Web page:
For a summary of CRE activity in this area please review the (now rather dated) OCDRCM website profile for this country.
In Israel thousands of initiatives dealing with peace education are targeted at pupils from kindergarten through university. In most cases the focus is on Jewish-Arab relations (an “intractable” conflict), but numerous initiatives exist that address conflicts of a different nature, whether those subsisting between the religious and secular publics, veteran Israelis and new immigrants, etc. Some of these initiatives are administered by the Ministry of Education, while others are operated by various non-governmental organizations and institutes (NGOs).
Education for peace and conflict resolution lies within the purview of two separate units within the Education Ministry – a unit responsible for teaching democracy and civics at the cognitive level, and the Psychological Counseling Service, which deals with the emotional-social side of these issues. An estimated 300 NGOs are currently active in this field, whether directly or indirectly. An effort is underway to organize them within a Jewish-Arab coexistence network (www.coexnet.org.il).
It is very difficult to assess the scope of activity represented by the various existing initiatives. The initiatives may be divided into two main types:
A. Jewish-Arab encounter programs: “mixed” and bilingual schools, “twin” schools, joint delegations abroad, summer camps, etc.
B. Study and enrichment programs: programs within the education system that deal with education for coexistence and democracy, for multiculturalism, humanism, mediation, etc. Israeli universities operate teacher training programs based on principles of social justice, as well as programs that focus on research and development.
Research has recently been conducted at the University of Haifa on the topic of peace education. The findings indicate that, despite all efforts, only about 6% of the pupil population is exposed to education of this kind. There is reason to believe that a more precisely-formulated and binding standard regarding peace education would produce more precise findings.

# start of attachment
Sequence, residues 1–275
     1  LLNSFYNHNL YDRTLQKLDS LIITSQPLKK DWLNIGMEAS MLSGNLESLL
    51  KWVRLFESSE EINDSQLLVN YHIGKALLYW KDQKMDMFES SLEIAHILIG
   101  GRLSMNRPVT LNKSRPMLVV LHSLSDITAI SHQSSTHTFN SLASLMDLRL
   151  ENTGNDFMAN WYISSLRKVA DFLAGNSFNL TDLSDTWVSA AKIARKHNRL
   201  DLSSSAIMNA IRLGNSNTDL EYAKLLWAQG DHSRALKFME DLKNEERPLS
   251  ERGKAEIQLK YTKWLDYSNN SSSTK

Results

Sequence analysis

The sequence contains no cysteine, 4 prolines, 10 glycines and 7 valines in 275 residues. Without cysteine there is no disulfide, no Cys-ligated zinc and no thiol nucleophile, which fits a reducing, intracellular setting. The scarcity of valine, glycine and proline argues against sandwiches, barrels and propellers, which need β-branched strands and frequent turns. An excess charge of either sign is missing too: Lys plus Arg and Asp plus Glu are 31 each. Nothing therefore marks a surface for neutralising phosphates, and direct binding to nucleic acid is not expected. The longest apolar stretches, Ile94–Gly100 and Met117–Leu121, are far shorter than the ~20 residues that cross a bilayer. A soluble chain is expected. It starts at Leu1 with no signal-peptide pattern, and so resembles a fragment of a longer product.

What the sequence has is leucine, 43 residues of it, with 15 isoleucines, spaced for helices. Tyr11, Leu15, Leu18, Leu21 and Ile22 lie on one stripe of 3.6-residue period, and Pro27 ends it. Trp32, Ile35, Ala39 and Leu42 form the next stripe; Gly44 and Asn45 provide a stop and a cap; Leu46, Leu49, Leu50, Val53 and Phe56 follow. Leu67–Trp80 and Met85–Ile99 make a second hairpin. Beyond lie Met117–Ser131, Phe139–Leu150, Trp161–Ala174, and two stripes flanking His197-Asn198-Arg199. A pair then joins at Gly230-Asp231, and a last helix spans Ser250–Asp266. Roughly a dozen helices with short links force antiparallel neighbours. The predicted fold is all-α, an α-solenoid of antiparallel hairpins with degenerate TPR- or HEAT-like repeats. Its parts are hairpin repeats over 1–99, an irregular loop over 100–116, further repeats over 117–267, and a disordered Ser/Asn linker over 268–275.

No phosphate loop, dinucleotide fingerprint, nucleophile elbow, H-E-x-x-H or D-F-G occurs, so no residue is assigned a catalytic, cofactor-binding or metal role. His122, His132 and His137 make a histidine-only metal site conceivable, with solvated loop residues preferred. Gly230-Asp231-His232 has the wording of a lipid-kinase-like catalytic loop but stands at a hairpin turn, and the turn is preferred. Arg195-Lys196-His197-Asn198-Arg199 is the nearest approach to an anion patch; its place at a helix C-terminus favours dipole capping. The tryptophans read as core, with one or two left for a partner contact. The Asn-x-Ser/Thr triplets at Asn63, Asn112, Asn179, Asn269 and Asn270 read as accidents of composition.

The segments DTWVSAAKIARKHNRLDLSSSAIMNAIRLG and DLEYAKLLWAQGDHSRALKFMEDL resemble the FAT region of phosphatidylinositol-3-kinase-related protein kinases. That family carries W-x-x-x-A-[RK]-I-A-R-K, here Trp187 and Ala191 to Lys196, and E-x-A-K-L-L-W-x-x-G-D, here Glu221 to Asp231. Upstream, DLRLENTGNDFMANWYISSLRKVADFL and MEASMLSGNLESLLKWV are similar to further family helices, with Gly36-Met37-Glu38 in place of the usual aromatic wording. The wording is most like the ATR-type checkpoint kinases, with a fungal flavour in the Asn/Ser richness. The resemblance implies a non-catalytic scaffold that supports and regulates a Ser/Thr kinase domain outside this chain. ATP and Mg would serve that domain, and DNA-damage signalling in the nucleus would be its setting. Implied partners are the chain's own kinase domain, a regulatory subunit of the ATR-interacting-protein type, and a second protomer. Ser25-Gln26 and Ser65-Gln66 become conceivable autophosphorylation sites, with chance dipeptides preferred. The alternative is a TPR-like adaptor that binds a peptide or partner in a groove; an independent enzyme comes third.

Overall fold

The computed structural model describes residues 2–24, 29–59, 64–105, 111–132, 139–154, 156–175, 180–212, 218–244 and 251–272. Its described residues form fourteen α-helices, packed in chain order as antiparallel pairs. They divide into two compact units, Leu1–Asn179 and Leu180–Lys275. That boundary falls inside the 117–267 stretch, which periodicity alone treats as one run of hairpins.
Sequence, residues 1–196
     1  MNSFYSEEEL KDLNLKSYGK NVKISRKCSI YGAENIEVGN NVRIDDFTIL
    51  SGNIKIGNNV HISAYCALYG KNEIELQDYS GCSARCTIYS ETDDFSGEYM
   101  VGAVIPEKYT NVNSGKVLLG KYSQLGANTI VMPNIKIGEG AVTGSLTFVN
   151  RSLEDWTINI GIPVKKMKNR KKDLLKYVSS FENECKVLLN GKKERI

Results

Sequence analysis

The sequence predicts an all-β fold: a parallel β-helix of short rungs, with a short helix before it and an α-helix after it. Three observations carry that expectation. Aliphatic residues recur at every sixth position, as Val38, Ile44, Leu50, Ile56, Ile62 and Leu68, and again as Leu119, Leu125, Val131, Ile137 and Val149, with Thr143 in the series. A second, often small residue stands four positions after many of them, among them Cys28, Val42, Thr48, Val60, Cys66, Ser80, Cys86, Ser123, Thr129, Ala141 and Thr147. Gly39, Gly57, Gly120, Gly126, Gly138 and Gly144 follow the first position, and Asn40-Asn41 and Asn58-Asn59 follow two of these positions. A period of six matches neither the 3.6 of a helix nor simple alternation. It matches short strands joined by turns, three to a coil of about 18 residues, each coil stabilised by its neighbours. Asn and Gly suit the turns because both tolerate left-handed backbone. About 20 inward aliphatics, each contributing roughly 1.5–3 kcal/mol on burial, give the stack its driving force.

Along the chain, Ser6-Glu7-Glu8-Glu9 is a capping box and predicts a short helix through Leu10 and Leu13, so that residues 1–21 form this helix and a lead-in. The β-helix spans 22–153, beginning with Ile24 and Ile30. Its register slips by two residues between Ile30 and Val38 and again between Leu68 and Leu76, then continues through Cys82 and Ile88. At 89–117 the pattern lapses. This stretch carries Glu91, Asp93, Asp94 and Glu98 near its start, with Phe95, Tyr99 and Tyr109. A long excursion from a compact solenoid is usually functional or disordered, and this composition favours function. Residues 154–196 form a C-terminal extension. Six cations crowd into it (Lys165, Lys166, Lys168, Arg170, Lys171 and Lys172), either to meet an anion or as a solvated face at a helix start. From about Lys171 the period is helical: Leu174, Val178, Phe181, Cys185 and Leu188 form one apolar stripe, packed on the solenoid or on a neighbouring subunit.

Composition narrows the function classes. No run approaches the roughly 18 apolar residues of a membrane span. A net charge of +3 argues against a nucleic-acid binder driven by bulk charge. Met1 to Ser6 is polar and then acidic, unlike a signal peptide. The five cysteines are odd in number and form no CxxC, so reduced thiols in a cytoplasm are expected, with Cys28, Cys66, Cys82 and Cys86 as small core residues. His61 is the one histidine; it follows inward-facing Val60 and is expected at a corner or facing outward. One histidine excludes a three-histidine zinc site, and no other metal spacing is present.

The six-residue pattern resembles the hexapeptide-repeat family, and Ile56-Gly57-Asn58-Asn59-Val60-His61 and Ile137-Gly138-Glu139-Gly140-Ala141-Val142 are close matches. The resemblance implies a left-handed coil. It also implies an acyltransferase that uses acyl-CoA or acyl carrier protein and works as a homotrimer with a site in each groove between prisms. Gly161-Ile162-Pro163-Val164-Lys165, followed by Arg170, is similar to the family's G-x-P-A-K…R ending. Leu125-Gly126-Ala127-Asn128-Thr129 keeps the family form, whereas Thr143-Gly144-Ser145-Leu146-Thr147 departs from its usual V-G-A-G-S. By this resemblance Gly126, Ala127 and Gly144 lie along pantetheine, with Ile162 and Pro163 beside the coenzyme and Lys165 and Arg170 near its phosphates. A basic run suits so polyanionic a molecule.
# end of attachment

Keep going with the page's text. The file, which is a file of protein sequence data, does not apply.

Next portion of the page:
Numerous cooperative endeavors exist between the formal education system and the NGOs. These partnerships generally spring up at the local (school or locality) level; occasionally they are driven by key units within the Ministry. High motivation and initiative on the part of teachers, along with knowledge and budgets provided by involved organizations, are what make efforts of this nature possible. We have no hard data regarding the scope of these activities.
Long-term programs characterized by continuity and tenacity are among the most successful ventures in this area. Of particular note are the bilingual schools where Jewish and Arab pupils study together in mixed classes. The Seeds of Peace program, in which participants spend extended periods of time together in a structured summer-camp format, is also recognized as a success story.
Ministry of Education policy encourages the development and implementation of programs of this kind:
Allocation of 1 study hour per week throughout the education system, from kindergarten through high school, to the subject of life skills.
Encouragement of local initiatives aimed at developing and incorporating relevant programs.
Promotion of contact with bodies external to the schools.
At a minimum, one may say that all Israeli children are exposed in one form or another to some kind of program related to this field. However, only about 6% take part in comprehensive, long-term programs.